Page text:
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[44] weeks, and supplying it, especially with ammunition, suitable for action, was simply appalling. It was undertaken, however, with a cool, quiet self-control, calling to his aid the best knowledge and talent at his command, which not only inspired confidence, but soon yielded the natural fruits of system, order, and discipline.

This force, about forty thousand of all arms, was divided into four corps, commanded respectively by Major Generals Polk, Bragg, and Hardee, and Brigadier General Breckinridge. General Beauregard was second in command under General Johnston. General Beauregard says, ‘A want of general officers needful for the proper organization of divisions and brigades of an army brought thus suddenly together, and other difficulties in the way of effective organization, delayed the movements until the night of April 2d.’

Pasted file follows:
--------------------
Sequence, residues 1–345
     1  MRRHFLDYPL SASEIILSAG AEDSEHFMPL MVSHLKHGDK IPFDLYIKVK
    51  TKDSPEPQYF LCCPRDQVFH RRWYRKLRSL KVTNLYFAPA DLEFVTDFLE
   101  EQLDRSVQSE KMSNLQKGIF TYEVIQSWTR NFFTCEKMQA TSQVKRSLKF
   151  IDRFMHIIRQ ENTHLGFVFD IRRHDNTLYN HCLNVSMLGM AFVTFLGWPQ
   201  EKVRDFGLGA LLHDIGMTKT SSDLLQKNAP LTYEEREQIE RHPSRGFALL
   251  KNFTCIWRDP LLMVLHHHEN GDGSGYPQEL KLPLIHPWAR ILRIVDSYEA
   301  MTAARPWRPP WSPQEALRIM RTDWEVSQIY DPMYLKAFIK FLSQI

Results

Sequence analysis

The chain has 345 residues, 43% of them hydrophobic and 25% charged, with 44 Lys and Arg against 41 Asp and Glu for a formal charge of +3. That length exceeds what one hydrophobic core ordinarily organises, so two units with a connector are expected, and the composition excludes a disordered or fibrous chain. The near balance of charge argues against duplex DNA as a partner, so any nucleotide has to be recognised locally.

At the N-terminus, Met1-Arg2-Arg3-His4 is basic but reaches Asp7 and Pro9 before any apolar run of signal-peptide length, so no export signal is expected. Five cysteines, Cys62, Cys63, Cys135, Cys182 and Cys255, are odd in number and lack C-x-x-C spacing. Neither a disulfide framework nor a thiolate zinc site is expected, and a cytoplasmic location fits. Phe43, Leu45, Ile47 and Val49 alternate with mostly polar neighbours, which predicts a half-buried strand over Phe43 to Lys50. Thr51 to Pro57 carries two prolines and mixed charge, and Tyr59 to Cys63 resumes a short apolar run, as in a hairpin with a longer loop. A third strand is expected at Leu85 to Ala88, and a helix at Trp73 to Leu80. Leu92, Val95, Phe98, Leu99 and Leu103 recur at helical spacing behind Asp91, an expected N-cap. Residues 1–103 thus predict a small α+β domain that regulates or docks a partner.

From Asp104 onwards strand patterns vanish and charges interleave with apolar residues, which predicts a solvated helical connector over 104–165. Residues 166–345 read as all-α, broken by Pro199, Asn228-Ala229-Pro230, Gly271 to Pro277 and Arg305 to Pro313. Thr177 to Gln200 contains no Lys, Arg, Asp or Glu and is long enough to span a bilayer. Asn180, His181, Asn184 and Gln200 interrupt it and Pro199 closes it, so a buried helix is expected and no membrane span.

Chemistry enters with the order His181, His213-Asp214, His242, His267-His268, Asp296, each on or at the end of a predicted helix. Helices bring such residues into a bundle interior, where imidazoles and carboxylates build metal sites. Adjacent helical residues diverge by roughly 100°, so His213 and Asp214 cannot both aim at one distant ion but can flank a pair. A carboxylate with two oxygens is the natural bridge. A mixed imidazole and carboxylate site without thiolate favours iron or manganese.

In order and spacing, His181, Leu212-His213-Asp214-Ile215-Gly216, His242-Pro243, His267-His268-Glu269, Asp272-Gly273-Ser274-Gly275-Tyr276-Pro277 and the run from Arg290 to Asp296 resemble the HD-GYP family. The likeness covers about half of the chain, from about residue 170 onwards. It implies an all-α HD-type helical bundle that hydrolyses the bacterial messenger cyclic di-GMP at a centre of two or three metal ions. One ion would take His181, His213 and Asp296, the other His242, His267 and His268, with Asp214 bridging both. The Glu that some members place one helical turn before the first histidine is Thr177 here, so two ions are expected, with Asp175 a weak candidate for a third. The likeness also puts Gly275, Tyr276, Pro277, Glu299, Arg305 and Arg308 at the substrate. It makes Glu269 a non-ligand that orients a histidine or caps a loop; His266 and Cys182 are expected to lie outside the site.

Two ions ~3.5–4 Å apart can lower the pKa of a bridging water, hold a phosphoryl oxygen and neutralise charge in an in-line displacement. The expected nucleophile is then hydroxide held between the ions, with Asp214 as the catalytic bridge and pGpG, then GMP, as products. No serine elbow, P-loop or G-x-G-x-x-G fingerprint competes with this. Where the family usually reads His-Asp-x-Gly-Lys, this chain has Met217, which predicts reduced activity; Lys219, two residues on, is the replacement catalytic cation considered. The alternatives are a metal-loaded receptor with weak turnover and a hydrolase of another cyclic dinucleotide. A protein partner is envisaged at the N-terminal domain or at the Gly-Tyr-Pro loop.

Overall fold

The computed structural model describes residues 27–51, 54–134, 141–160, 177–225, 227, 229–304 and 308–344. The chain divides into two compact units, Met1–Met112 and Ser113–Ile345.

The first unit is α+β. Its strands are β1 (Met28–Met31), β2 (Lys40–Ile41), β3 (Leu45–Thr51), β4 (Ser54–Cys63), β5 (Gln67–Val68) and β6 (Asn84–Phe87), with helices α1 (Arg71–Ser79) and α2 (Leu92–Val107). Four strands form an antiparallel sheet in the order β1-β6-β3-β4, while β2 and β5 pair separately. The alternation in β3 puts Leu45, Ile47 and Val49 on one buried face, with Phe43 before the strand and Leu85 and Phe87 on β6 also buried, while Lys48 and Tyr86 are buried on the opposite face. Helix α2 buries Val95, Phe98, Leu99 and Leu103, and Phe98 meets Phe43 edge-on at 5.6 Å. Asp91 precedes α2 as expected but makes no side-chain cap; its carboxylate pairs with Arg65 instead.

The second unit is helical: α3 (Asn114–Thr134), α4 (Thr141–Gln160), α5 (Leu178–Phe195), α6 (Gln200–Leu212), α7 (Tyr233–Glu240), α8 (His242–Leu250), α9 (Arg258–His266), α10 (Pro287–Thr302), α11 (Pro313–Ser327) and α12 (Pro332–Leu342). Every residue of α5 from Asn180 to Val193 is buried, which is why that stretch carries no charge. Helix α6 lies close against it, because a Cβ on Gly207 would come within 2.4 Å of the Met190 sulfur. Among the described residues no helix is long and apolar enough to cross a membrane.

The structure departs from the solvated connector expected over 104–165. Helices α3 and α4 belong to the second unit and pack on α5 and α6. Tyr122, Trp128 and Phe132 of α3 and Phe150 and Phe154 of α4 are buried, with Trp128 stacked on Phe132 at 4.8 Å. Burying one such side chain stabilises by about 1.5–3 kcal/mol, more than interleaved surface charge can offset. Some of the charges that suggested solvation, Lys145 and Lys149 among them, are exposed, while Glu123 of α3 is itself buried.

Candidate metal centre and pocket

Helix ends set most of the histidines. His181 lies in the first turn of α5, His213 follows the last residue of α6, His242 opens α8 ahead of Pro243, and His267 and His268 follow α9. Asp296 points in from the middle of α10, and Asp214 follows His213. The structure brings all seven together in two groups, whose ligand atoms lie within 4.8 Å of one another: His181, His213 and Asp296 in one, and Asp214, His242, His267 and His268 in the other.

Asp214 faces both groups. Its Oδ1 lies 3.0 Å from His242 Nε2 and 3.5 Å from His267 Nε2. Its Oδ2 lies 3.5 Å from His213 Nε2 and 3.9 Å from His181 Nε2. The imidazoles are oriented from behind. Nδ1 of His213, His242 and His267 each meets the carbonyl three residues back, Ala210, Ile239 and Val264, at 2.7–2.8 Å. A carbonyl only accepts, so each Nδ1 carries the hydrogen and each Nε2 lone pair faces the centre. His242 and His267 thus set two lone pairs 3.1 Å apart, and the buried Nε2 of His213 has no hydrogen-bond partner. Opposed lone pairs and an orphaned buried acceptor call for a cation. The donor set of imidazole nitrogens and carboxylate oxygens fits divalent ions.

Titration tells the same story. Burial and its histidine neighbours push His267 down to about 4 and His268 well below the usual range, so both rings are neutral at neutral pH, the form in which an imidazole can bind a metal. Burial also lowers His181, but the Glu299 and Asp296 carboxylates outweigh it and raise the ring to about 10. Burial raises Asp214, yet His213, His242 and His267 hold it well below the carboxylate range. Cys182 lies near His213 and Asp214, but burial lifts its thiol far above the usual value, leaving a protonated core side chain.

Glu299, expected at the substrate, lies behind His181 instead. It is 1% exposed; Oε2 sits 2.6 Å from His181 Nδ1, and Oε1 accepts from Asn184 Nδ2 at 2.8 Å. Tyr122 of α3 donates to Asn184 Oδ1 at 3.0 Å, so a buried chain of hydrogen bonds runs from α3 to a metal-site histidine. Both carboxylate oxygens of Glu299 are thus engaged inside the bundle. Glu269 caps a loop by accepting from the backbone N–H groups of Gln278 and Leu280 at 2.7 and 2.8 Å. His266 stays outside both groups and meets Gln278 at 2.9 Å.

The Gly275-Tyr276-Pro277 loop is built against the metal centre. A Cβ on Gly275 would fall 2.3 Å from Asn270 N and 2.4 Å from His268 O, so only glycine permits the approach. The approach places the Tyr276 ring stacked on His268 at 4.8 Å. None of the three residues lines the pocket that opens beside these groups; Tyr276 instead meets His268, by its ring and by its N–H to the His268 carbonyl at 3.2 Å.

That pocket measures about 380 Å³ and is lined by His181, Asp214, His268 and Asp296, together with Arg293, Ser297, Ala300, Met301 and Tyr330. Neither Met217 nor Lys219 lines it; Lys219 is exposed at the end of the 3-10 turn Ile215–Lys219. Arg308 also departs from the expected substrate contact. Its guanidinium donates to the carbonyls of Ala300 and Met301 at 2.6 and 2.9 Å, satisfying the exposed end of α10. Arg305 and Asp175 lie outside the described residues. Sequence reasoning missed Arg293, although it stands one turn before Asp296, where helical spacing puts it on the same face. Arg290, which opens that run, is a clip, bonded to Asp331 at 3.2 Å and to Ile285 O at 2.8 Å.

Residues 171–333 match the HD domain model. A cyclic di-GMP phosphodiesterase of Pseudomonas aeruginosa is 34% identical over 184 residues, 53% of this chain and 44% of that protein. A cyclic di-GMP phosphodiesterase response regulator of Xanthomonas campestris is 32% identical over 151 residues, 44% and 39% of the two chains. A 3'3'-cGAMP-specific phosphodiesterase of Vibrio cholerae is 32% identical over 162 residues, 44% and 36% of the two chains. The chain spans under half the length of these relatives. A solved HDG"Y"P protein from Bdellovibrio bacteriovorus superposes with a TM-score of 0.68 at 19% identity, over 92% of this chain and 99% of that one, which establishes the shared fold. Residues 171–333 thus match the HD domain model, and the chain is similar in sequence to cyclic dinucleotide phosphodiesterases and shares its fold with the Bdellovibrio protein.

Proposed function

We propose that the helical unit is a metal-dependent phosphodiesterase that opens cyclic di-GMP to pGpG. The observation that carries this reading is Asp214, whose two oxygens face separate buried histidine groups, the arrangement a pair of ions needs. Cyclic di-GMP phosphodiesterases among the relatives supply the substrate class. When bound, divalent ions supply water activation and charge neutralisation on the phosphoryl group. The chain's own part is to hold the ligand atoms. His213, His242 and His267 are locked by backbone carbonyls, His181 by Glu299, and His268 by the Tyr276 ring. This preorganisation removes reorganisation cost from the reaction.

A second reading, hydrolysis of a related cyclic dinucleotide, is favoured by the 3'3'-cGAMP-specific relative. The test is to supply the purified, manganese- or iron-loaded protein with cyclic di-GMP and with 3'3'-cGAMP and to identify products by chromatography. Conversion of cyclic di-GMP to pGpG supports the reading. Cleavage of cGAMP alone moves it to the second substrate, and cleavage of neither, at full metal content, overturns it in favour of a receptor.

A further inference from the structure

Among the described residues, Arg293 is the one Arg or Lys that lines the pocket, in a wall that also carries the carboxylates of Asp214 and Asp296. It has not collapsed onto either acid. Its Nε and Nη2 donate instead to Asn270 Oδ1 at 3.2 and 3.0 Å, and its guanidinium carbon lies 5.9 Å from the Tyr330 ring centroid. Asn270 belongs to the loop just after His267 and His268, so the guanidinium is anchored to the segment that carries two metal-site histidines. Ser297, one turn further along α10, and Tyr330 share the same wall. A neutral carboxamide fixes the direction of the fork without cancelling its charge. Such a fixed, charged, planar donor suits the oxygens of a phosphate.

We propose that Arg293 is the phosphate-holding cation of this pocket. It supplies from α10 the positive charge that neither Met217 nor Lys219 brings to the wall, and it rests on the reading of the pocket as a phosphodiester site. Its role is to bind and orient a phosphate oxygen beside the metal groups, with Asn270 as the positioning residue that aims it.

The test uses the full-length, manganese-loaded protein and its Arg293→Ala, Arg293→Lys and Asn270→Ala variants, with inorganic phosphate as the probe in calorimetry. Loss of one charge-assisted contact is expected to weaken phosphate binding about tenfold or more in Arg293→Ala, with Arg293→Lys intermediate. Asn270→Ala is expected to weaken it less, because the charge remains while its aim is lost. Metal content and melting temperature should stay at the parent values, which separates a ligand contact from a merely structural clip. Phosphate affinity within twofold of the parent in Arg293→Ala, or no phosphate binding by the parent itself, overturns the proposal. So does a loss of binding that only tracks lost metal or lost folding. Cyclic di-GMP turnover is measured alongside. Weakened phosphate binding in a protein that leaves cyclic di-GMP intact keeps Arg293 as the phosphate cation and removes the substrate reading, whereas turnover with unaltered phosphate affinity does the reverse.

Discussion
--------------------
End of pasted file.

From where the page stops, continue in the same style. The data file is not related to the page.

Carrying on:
About one o'clock on the morning of April 3d preliminary orders were issued to hold the troops in readiness to move at a moment's notice, with five days provisions and a hundred rounds of ammunition. The orders for march and battle were issued in the afternoon. At that time General Hardee led the advance, the Third Corps, from Corinth, by the northernmost route, known as the Ridge road. Bivouacking that night on the way, he arrived next morning at Mickey's, a house about eighteen miles from Corinth and four or five miles from Pittsburg. The Second Corps, under Bragg, marched by the direct road to Pittsburg through Monterey, which it reached about 11 A. M. on the 4th, and bivouacked that night near Mickey's in the rear of Hardee's corps. The First Corps, under General Polk, consisted of two divisions, under Cheatham and Clark. The latter was ordered to follow Hardee on the Ridge road at an interval of half an hour, and to halt near Mickey s so as to allow Bragg's corps to fall in behind Hardee, at a thousand yards' interval, and form a second line of battle. Polk's corps was to form the left wing of the third line of battle, and Breckinridge's reserve the right wing. The other division of Polk, under Cheatham, was on outpost duty, at and near Bethel, on the Mobile and Ohio Railroad, about as far from Mickey's as Corinth was. He was ordered to assemble his forces at Purdy, and pursue the route to Monterey. He effected his junction on the afternoon of the 5th, and took position on the left wing of Polk's corps. Breckinridge's reserve corps moved from Burnsville early on April 4th, by way of Farmington toward Monterey, distant fourteen miles. It did not effect its junction with the other corps until late on the afternoon of Saturday the 5th, being delayed by the rains on Friday and Saturday. At daylight on the 5th Hardee moved, and by seven o'clock was sufficiently out of the way to allow Bragg to advance. Before

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